Tehrik-i-Taliban Pakistan, alternatively referred to as the Pakistani Taliban, is an umbrella organization of various Islamist militant groups based in the northwestern Federally Administered Tribal Areas along the Afghan border in Pakistan. Most, but not all, Pakistani Taliban groups coalesce under the TTP. In December 2007 about 13 groups united under the leadership of Baitullah Mehsud to form the Tehrik-i-Taliban Pakistan. Among the Tehrik-i-Taliban Pakistan's stated objectives are resistance against the Pakistani state, enforcement of their interpretation of sharia and a plan to unite against NATO-led forces in Afghanistan.
The TTP is not directly affiliated with the Afghan Taliban movement led by Mullah Omar, with both groups differing greatly in their histories, strategic goals and interests although they are both predominantly Pashtun. The Afghan Taliban, with the alleged support of Pakistani Taliban, operate against international coalition and Afghan security forces in Afghanistan but are strictly opposed to targeting the Pakistani state. The TTP in contrast has almost exclusively targeted elements of the Pakistani state although it took credit for the 2009 Camp Chapman attack and the 2010 Times Square car bombing attempt. On 16 December 2014, the TTP attacked a school in Peshawar, killing over 140 people including 132 children. TTP officials claimed responsibility for the attack as a response to the Pakistani military’s offensive in northeastern Pakistan’s tribal areas, an action that has killed hundreds of militants.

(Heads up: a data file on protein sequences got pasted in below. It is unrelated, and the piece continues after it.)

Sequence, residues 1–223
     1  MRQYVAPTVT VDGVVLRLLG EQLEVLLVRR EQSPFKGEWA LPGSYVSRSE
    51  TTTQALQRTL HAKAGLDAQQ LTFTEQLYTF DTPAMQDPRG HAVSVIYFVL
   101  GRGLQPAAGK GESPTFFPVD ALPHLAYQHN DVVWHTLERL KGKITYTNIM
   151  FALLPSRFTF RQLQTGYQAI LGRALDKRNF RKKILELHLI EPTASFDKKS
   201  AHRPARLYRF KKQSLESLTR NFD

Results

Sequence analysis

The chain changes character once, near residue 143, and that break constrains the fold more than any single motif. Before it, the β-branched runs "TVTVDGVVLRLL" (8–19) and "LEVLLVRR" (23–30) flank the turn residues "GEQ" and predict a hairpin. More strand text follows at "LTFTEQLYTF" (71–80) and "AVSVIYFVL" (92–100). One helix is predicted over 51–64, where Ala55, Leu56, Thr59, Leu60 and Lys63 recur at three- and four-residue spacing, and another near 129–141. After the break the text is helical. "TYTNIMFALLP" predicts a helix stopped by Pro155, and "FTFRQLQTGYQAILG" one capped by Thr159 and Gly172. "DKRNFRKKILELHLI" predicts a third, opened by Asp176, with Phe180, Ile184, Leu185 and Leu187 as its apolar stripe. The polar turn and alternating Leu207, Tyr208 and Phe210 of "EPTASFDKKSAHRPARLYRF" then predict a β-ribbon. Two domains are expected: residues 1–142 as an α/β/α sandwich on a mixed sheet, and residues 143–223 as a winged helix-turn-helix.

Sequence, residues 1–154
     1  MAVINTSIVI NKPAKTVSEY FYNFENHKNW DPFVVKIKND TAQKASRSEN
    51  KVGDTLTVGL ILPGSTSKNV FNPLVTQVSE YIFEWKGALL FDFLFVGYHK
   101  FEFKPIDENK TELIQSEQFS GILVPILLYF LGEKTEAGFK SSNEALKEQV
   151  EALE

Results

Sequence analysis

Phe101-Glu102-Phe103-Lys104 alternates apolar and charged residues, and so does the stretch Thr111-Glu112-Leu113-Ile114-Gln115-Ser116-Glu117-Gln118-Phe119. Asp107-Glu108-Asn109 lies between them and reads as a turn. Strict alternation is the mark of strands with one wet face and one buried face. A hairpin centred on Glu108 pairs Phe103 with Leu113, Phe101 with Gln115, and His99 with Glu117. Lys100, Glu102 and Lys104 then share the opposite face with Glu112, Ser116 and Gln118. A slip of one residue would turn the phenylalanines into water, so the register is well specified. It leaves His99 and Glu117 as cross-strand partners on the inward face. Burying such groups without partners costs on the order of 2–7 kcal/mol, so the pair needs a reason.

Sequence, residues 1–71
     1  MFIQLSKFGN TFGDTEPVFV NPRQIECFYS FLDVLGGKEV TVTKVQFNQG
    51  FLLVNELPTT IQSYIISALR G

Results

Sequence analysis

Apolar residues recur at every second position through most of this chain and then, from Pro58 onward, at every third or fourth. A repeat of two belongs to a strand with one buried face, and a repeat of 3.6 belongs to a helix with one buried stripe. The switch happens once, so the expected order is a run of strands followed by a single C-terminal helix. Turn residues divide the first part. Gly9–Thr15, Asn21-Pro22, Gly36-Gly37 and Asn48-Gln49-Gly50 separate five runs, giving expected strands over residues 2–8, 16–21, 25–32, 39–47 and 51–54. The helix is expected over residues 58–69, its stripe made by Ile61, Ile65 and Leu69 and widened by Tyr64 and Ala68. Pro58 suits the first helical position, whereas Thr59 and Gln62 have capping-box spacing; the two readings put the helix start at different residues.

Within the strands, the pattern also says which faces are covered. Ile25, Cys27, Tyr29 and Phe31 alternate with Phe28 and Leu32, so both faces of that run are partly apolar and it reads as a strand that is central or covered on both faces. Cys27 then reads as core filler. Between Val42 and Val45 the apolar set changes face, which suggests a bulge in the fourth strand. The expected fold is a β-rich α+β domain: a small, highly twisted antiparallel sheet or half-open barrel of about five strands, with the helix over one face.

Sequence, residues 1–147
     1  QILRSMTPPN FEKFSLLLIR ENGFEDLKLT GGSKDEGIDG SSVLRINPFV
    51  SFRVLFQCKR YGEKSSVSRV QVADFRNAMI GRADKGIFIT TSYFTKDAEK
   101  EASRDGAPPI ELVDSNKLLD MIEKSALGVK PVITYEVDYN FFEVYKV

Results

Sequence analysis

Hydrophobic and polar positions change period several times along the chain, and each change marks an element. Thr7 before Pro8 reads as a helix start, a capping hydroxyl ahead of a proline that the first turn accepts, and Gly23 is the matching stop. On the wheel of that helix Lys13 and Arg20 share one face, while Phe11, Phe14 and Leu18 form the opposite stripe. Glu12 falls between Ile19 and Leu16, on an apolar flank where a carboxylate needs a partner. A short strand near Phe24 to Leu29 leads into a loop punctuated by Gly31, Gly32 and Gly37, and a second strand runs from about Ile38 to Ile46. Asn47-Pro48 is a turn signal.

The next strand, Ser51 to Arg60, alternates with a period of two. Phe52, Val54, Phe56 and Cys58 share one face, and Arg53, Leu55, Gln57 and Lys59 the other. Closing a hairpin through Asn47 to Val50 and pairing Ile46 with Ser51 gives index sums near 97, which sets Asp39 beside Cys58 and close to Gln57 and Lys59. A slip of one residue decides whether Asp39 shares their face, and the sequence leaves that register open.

Maulana Fazlullah became the group's new leader in late 2013. In the following year the TTP fragmented into at least four groups, with the defections said to have left the group in considerable disarray.